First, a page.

Observing MLK Day of Service
Photo by iStock January 17, 2021
Even during a pandemic, there are safe ways to celebrate the work of the Rev. Dr. Martin Luther King, Jr.
With the coronavirus (COVID-19) pandemic still disrupting social gatherings, extending a helping hand to one’s neighbor has become just a little bit tricker. But members of the University of Delaware community are no less eager to observe a National Day of Service in honor of the Rev. Dr. Martin Luther King, Jr., hero of the Civil Rights Movement. This year, the federal holiday is set for Monday, Jan. 18.
Fortunately for hopeful volunteers, there are opportunities for safe — virtual or socially distanced — service work happening this weekend and Monday, in and around Newark, Wilmington, the state of Delaware and the region. UDaily has compiled a list of these opportunities below. All are free and open to the public, unless otherwise noted.
Additionally, UD’s own annual Day of Service, which typically takes place in February when students are back on campus for spring semester, has pivoted in 2021 to a safer format. In lieu of a large, in-person event, Blue Hens should be on the lookout for a newsletter and social media campaign encouraging good deeds that can be completed on a smaller scale.
As King put it to an Alabama audience in 1957: “Life’s most persistent and urgent question is: What are you doing for others?”
In the following lineup, you might just find an answer.
Listen to poetry
Who: The Mitchell Center for African American Heritage at the Delaware Historical Society.
What: Expect an engaging spoken word event featuring Nana Ohemaa Asante, a Ghanaian immigrant and senior English major and Honors student at UD, that will explore how MLK’s legacy and words ask us to consider the significance of our environment.
When: Jan. 15, 10 a.m.-11 a.m. or 6 p.m.-7 p.m.
Where: From the comfort of home — this is a Zoom event.
How do I participate? To register, visit dehistory.org/calendar-main.
Fun fact: Participation by attendees will be encouraged.
More info: Visit dehistory.org.
Who: The Food Bank of Delaware, which provides nutritious meals to families in need while facilitating long-term solutions to issues of hunger and poverty in the state.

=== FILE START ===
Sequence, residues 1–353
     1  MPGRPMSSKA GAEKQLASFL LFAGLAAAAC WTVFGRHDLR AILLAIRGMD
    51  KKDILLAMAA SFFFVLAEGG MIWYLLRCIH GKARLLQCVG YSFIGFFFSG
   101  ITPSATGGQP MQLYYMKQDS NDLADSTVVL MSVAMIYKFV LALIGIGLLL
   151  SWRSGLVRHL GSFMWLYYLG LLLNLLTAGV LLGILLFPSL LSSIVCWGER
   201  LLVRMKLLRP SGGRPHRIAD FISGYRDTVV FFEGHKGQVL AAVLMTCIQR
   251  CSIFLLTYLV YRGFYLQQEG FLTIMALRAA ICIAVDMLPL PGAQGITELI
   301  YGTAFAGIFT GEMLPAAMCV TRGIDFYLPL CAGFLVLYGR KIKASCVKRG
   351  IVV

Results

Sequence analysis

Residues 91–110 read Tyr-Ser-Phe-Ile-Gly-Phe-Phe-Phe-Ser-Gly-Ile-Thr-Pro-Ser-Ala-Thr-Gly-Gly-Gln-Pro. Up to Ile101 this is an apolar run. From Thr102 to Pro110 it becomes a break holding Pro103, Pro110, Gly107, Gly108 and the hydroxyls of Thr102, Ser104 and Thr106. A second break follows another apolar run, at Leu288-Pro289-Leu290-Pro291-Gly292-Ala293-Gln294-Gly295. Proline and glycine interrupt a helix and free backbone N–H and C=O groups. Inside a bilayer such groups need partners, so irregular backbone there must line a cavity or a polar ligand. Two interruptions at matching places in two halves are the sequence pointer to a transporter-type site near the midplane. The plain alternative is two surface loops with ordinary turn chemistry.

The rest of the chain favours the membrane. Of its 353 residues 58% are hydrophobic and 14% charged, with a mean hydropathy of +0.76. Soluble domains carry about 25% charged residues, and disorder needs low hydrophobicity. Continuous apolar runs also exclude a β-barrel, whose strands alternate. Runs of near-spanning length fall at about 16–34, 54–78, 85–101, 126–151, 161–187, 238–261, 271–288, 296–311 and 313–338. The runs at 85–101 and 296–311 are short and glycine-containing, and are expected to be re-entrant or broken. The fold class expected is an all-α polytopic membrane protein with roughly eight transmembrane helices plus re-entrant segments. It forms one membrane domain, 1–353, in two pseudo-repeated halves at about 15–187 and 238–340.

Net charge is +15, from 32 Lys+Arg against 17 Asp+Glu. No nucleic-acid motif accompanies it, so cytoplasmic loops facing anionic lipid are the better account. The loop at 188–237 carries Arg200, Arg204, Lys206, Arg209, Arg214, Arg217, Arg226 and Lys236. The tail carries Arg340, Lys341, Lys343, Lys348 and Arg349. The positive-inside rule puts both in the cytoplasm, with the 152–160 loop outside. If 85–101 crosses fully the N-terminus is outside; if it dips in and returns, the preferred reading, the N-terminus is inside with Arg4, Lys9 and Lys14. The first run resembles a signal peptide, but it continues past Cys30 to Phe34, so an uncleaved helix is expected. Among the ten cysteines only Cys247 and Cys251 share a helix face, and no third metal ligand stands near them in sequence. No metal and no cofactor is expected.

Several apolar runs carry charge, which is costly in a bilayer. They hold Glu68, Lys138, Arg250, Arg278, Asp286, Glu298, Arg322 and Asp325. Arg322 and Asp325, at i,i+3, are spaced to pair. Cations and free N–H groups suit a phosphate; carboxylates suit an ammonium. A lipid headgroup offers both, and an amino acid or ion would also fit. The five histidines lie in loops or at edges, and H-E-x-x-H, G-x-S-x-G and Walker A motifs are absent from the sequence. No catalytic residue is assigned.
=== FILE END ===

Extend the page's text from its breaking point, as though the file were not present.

What: Volunteers will prepare, package and/or deliver meals to underserved members of the community. Others will tend to the Food Bank’s own farm and greenhouse.
Where: 222 Lake Drive, Newark.
When: Whenever you can.
How do I participate? Shifts for MLK Day are currently full, but do not fret — representatives say cancellations are common. If you check the schedule at fbc.volunteeerhub.com, you may get lucky. If not, the Food Bank would be glad to host you on another day this month — every Monday through Friday, there are morning shifts available from 9 a.m. to noon and afternoon shifts from 1 p.m. to 4 p.m. Beginning on Jan. 25, the Food Bank is also looking for volunteers who will staff their mobile food pantry.
Fun fact: The Food Bank of Delaware distributed more than eight million pounds of food to hungry families last year.
More info: Visit fbd.org.
Get rid of litter
Who: Keep Delaware Beautiful, the Newark-based arm of the Keep America Beautiful nonprofit that seeks to improve communities through recycling and anti-littering campaigns.
What: A remote day of service.
Where: Wherever you are.
When: Anytime on Jan. 18.
How do I participate? Keep Delaware Beautiful is encouraging you to pick up litter in your own neighborhood; trim, cut or weed an overgrown property near you (with permission, of course); or find a place in your community to plant a tree (also with permission). Or, if you are interested in planning a community clean-up, Keep Delaware Beautiful will provide resources — just contact the community clean-up manager at email@example.com.
Fun fact: Keep Delaware Beautiful’s statewide anti-litter campaign was launched in partnership with Gov. John Carney, a UD graduate.
More info: Visit keepdelawarebeautiful.com.
Provide animal therapy
Who: PAWS for People, a Newark-based nonprofit that provides therapeutic visits to members of the community who would benefit from time with a cuddly, well-trained pet.
What: Volunteers (human and canine) will visit with first responders for “de-stress sessions.”
Where: Regional fire and EMT stations.
When: Jan. 15-Jan. 18.
How do I participate? While this particular event is restricted to already designated volunteers, if you’re looking to get involved in upcoming events (with or without your pet), reach out to Clarice Ritchie at firstname.lastname@example.org.
Fun fact: Research has shown the benefits of pet therapy include decreased anxiety, reduced physical pain, even improved literacy skills.
More info: Visit pawsforpeople.org.
Attend a conference
Who: One Village Alliance, an organization that uplifts children and their families through education, entrepreneurship and the arts
What: The Ninth Annual Raising Kings Conference, the kickoff of a year-round effort to provide African American youth with positive male role models.
When: Jan. 18 through Jan. 23.
Where: Locations throughout Wilmington
How do I participate: Each day is a new opportunity to honor the legacy of MLK. The week will kick off with individuals and household groups working outside, socially distanced, to paint walls, chalk messages of peace, and help out with exterior cleanup of the Freedom Center, the nonprofit’s new headquarters. Other events include film screenings and panel discussions.